Last September our family cat died suddenly and tragically. He was only five years old.
While we’ve experienced a family pet’s passing before, none had been so swift and unexpected. The “normal” ways we helped each other cope — assuring ourselves he had lived a long life, knowing we had relieved him from a disease or old age that was diminishing his quality of life, etc. — didn’t apply.
The suddenness added a new twist in how to help our children, ages 11 and 14, come to terms with the death of a pet. Here are some ways we processed the experience, that also may help you if you find yourself in the same situation.
1. Let Your Child Know it Wasn't Anyone’s Fault
Our cat died in an accident that many of us, myself especially, agonized could have been prevented. It’s important for children to know that accidents happen and that no one is at fault.
2. Be Ready to Discuss Death
Our cat’s sudden death really hit home the fact that anyone can die at any time. We spent time explaining that while this is true, dwelling on it is not the way to live life.
3. Assure Your Child That You Are Not Going to Die Anytime Soon
For weeks after our cat died, anytime our daughter went anywhere, every goodbye was grand and extravagant because she was afraid it might be the last time she would see me. I had to assure her that I was healthy and would still be here when she got home.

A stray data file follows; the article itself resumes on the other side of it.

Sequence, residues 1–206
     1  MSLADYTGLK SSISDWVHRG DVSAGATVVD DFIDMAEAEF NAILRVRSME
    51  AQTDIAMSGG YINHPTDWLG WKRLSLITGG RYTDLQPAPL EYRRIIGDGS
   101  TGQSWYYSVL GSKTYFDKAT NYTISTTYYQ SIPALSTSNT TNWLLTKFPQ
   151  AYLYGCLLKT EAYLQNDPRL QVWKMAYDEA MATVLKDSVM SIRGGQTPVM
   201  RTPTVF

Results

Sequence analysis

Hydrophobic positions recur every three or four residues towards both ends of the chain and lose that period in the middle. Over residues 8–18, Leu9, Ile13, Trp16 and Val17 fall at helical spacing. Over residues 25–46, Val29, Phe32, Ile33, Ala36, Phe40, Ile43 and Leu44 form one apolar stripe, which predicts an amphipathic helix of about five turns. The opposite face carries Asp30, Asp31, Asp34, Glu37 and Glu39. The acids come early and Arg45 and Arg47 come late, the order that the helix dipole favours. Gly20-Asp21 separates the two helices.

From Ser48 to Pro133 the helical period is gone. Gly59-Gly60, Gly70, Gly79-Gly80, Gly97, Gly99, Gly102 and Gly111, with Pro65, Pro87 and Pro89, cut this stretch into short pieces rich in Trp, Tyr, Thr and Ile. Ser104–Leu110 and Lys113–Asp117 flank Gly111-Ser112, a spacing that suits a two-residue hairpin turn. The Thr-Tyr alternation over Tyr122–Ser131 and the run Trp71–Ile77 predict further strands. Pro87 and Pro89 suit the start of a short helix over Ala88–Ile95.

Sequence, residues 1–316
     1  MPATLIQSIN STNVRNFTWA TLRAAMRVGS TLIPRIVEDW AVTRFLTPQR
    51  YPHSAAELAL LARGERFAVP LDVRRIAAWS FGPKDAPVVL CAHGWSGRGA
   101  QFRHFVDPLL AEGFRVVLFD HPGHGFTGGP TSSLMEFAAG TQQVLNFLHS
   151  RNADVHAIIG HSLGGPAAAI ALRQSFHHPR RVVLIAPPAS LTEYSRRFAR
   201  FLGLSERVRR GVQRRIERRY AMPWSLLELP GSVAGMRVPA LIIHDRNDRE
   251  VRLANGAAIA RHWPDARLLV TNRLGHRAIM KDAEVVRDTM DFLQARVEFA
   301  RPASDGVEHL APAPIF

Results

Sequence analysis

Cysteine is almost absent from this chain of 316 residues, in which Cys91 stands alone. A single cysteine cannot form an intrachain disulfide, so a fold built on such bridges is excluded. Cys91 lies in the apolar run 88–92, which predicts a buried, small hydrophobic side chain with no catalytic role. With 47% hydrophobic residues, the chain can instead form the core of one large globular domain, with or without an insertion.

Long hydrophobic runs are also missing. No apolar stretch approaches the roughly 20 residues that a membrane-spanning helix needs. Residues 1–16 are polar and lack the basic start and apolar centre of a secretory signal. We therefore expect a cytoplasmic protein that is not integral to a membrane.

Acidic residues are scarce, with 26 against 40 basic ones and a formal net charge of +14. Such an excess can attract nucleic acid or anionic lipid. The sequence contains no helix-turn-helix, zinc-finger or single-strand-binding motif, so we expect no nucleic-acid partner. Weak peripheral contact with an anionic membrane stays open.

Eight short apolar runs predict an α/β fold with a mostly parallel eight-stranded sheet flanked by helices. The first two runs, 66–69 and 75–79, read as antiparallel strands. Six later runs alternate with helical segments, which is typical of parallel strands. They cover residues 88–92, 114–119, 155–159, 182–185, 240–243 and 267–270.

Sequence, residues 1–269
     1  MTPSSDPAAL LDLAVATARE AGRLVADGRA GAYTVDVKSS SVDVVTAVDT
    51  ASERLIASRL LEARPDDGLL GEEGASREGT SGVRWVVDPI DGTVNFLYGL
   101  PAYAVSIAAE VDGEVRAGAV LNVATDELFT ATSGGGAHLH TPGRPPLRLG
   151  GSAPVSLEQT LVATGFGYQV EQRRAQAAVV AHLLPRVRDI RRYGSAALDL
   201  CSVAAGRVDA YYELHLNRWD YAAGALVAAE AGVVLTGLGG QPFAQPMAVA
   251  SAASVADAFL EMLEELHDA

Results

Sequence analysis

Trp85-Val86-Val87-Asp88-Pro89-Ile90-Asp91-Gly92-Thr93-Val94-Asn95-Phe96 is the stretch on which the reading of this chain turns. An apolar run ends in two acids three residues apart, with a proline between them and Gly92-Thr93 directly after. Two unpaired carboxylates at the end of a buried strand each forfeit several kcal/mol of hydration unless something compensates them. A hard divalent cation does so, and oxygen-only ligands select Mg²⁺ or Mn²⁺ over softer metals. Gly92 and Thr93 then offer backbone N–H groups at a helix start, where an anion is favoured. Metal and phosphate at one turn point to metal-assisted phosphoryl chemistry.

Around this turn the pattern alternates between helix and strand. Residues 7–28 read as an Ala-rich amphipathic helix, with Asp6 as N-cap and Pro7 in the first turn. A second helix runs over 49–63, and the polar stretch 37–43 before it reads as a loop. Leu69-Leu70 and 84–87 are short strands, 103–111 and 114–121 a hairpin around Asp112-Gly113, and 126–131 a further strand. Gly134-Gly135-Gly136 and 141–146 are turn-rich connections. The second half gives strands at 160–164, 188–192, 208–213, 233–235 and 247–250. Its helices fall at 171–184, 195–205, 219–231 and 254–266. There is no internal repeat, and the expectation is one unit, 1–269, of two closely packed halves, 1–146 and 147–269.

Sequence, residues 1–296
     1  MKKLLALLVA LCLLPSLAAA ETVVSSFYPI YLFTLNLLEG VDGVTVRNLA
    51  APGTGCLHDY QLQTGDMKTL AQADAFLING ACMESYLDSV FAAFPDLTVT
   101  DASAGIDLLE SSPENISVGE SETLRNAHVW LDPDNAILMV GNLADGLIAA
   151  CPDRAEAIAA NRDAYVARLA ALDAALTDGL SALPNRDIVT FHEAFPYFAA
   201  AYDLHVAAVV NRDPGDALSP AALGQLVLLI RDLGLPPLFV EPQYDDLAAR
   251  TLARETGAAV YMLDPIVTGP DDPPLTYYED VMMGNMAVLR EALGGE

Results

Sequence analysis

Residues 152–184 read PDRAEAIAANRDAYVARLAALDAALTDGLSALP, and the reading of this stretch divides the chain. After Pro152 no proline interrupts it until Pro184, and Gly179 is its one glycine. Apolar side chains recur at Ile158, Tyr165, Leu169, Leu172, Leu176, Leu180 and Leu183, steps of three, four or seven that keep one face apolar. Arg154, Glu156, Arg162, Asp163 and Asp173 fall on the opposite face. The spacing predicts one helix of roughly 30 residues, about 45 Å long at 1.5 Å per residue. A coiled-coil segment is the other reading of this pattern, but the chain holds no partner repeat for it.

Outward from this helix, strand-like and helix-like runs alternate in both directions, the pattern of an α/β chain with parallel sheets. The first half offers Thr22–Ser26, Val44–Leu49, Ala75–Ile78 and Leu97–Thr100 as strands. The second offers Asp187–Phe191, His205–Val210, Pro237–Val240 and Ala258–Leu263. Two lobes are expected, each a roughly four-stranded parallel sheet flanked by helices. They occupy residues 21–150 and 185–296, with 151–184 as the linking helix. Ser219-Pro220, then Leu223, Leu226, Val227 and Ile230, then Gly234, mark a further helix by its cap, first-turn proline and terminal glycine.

4. Respect That Everyone Grieves Differently
My daughter and I wanted to talk about our cat a lot, but my husband and son were not ready. Grief has different stages and everyone moves through them at their own pace.
5. Don’t Be Afraid to Share and Show Your Feelings
It can be difficult for a child to see their mom or dad cry. But it can especially help little ones know that even parents get sad.
6. Let Your Child’s Teacher Know
Knowing about your pet’s death can help the teacher understand if your child is suddenly acting differently in class.
7. Begin to Share Memories When You're All Ready
Whether through sharing funny stories, creating a memory box of mementos, or displaying a favorite photo, these acts can help begin the healing process.